Portal:Women's Association Football
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Portal:Women's Association Football

Introduction

Alex Morgan and Stefanie van der Gragt battle for the ball during the 2019 FIFA Women's World Cup Final in Lyon, France

Women's association football, usually known as women's football, is the team sport of association football when played by women's teams only. It is played at the professional level in numerous countries throughout the world and 176 national teams participate internationally. The history of women's football has seen major competitions being launched at both the national and international levels.

Women's football has faced many struggles throughout its history. Although its first golden age occurred in the United Kingdom in the early 1920s, with matches attracting large crowds (one match achieved over 50,000 spectators), The Football Association initiated a ban in 1921 in England that disallowed women's football games from taking place on the grounds used by its member clubs. That ban remained in effect until July 1971.

The inaugural FIFA Women's World Cup was held in China in 1991. Since then, the sport has gained in popularity. The 2015 FIFA Women's World Cup Final in Canada was the most watched soccer game in United States history and over 1.12 billion people worldwide watched the 2019 FIFA Women's World Cup in France. (Full article...)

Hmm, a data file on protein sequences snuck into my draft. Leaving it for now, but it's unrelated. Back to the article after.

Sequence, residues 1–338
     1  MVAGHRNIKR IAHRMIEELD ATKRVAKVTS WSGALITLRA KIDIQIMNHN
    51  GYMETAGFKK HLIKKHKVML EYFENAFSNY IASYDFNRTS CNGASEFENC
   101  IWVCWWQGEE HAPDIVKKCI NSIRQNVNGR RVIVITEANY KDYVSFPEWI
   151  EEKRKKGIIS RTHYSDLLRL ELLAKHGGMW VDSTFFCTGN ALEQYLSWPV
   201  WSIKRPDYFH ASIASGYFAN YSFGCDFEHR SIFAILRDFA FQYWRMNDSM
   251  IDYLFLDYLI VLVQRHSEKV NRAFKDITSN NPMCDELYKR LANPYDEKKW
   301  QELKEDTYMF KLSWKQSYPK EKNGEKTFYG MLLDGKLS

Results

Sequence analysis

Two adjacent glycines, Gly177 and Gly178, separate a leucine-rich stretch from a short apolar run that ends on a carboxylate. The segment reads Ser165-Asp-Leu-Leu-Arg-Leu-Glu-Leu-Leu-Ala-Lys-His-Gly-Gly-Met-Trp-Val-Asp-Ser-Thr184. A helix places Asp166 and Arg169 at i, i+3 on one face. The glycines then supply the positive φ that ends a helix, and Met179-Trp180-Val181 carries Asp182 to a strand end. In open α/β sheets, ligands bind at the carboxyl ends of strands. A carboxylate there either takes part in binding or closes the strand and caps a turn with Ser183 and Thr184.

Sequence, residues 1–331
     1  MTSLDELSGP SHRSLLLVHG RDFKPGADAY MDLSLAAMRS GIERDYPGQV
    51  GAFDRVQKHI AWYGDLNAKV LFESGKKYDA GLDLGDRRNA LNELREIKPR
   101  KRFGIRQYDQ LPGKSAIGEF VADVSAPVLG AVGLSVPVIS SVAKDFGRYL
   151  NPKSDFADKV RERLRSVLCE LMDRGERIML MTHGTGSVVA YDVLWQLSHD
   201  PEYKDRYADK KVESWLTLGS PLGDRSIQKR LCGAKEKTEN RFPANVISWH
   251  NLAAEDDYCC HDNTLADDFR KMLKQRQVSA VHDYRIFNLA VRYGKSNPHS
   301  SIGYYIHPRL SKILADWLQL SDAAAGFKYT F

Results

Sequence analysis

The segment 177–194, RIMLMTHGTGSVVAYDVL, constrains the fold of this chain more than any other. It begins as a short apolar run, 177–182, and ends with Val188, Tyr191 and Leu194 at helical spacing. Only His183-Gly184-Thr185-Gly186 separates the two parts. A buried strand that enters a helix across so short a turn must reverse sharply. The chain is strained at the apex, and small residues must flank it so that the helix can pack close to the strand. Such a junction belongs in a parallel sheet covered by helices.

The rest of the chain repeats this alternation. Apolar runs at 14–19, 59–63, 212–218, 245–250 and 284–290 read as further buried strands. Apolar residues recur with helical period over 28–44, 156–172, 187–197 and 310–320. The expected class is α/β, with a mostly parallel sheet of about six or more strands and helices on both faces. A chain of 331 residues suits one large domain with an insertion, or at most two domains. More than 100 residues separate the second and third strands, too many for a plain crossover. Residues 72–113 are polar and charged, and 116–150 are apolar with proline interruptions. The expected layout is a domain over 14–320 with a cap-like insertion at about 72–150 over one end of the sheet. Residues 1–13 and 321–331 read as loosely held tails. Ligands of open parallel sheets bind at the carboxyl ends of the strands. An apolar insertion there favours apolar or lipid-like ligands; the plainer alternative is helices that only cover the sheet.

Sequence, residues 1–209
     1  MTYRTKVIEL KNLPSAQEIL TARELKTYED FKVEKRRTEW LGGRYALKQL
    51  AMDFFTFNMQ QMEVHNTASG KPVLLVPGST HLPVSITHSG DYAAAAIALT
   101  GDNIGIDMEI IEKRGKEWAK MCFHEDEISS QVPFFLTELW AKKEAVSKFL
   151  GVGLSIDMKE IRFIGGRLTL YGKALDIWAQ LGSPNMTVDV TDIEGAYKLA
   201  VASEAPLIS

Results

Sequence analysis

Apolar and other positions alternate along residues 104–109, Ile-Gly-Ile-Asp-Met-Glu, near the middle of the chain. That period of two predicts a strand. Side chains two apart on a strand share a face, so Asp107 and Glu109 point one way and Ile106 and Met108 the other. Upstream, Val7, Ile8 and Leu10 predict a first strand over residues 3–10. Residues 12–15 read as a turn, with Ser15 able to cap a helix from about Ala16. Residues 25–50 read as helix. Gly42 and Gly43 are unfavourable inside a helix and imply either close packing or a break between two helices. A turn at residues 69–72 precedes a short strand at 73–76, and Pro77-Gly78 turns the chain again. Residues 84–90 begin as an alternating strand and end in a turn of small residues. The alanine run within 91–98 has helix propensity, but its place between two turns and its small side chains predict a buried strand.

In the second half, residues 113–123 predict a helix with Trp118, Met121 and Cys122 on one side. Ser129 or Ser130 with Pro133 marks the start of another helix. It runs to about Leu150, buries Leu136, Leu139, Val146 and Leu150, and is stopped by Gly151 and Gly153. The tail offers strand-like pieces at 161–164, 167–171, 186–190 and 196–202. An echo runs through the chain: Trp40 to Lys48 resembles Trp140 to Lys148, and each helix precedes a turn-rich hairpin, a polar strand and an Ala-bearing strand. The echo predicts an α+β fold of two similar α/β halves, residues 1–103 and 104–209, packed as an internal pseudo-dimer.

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The Nigeria women's national football team, nicknamed the Super Falcons (parallel to the men's Super Eagles epithet), represents Nigeria in international women's football and is controlled by the Nigeria Football Federation. The team is by far Africa's most successful international women's football team winning a record eleven Africa Women Cup of Nations titles, with their most recent title in 2018, after defeating South Africa in the final. The team is also the only women's national team from the Confederation of African Football to have reached the quarterfinals in both the FIFA Women's World Cup and Football at the Summer Olympics.

They are also one of the few teams in the world to have qualified for every edition of the FIFA Women's World Cup, with their best performance at the 1999 FIFA Women's World Cup where they reached the quarterfinals.

Selected biography

Katie Chapman.jpg

Katie Sarah Chapman (born 15 June 1982) is an English footballer who plays for English club Arsenal Ladies in the FA WSL and is a former member of the England women's national team. She primarily plays as a central midfielder, although she has also been deployed in central defence while playing for England. Chapman is known for her strength, fierce tackling and heading ability. A mother of three, Chapman is described as "a physical player who handles a brunt of the dirty work in the middle of the pitch. She also can produce on the offensive end in a big game." Her playing ability, profile and influence have drawn comparisons to former England captain and fellow Londoner David Beckham.